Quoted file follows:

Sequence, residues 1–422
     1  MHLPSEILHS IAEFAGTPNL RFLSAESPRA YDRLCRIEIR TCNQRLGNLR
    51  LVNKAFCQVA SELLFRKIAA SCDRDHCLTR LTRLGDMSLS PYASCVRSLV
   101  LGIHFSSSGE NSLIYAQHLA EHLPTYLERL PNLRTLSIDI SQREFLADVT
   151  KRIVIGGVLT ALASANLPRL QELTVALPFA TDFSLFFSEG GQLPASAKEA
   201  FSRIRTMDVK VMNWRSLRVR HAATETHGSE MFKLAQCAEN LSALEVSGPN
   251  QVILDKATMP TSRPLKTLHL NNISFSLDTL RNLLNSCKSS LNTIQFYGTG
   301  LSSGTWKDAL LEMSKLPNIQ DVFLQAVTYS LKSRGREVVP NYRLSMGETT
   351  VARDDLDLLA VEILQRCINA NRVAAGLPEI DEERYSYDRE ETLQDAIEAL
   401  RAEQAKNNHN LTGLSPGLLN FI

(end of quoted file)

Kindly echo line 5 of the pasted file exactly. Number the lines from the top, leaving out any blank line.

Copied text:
   151  KRIVIGGVLT ALASANLPRL QELTVALPFA TDFSLFFSEG GQLPASAKEA